Doing work that is not satisfying reflects a basic conflict you have with yourself. You may think your career causes the conflict, and that if you change careers, the conflict will go away. But, you cannot pick the right career for you without first starting to resolve the conflict in your mind. THE PSYCHOLOGY OF SUCCESSFUL CAREER CHOICE & CHANGE is important to your quality of life.
The conflict caused you to pick the wrong career to begin with, and now causes work dissatisfaction. The place to begin changing careers is with your self-conflict. If you do not, dissatisfaction will just show up in whatever work you choose next. Then you will have another reason to be upset with yourself.
This basic principle holds true for personal relationships too – – if you just change partners, the same problems are reproduced in the new relationship. The truth is, conflict you have with work is the same conflict you have with family, friends and relatives. Self-conflict takes many forms, but there is only one underlying cause – -how you relate to you in your mind.
Over time self-conflict may also show up as physical symptoms of illness and disease in your body. This is because mental health, physical health and work satisfaction are intertwined. Anyone who believes career dissatisfaction is determined by outside factors, however, will also find
external explanations for health problems and inter-personal misunderstandings.
A conflict with work, therefore, expresses a hidden conflict within yourself. When we are young, we tend to see our problems as imposed, and solved, by external means. Explanations may range, for example, from environmental (“a bad job market”) to circumstantial (“a bad boss”). To overcome these adversities is the very reason we strive to attain the highest income and best career possible.
But this strategy must inevitably break down, since it locates the reasons for conflict outside yourself. Beneath appearances, there is only one problem, and it is the relationship of you with you. Understanding this principle requires some insight and maturity, techniques that contradict external and superficial points of view.
Individuals do not ordinarily attain a more contemplative attitude toward life before the age of “thirty-something.” Until then, you think your career is created by economic opportunities, influential connections, quality of higher education, family background, good fortune and hard work.
But the truth is, your purpose in life arises totally from an
“Know thyself” was the motto that Socrates learned from the Oracle atDelphi. It is ancient wisdom, true today as it was in ancientGreece. At some point in your life, you must make the decision to find your true self. Otherwise, you are destined to live with a false self, interpersonal conflicts, and career dissatisfaction.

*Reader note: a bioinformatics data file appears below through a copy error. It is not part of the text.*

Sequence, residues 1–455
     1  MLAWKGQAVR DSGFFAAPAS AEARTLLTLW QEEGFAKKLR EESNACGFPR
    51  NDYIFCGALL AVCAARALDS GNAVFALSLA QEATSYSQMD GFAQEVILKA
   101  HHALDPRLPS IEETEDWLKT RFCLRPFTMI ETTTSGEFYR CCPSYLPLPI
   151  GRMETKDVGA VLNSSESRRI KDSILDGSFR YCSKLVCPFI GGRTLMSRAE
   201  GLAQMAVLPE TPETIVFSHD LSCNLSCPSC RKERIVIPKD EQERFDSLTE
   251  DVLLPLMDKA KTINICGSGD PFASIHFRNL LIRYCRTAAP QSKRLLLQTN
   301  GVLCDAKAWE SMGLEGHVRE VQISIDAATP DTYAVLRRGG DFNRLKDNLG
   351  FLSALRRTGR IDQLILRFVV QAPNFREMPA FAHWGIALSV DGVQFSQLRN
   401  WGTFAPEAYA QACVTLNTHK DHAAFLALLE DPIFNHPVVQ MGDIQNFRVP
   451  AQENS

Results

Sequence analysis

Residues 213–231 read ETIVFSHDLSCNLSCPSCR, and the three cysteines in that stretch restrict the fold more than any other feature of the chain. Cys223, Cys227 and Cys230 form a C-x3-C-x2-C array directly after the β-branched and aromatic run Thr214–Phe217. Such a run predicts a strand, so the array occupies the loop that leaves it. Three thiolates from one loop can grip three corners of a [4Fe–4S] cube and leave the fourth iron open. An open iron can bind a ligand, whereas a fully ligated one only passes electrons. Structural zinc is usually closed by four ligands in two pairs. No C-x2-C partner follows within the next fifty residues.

Career reassessment typically comes in mid-life when failures in outer solutions trigger the classic “mid-life, psycho-social crisis.” Almost everyone is challenged to find their purpose in life by the time their days on earth are half numbered. Making this decision initiates a major turning point in the course of your life.
Traditionally we think only of ministers and doctors as having a “calling” but in reality everyone has a calling. Initially people are scared by the idea of an inward quest and fear they will fail. Self-conflict that appears in the form of external obstacles is the main reason callings are not pursued.
If your current job bothers you a lot, for example, you may be so irritated that an alternative cannot even occur to you. Many people choose to ignore the quest of their calling, and try to live in a rational material world, using only their goal-oriented left-brain, or they reside in an imaginary emotional world of self-doubt, using only their right-brain.
A meaningful career choice arises from the resource of your own integrated mind and from nowhere else. All the skills and knowledge necessary to enact your life-purpose are directly and fully possessed within you psychologically. Once a career has been identified from an internal source, it cannot be wrong, discounted by others or pursued half-heartedly.
Prevailing wisdom about career change sees it exclusively as a logical problem of how to adapt your aptitudes and personality to corporate needs. This approach implies that the economy is rational,
and that you are not, unless you conform.
More traditional approaches to career counseling overlook the psychological and spiritual foundation to career choice and change outlined in this article. Where and how you chose to use your skills and knowledge in life are ultimately and always a question of inner values and your relationship to yourself.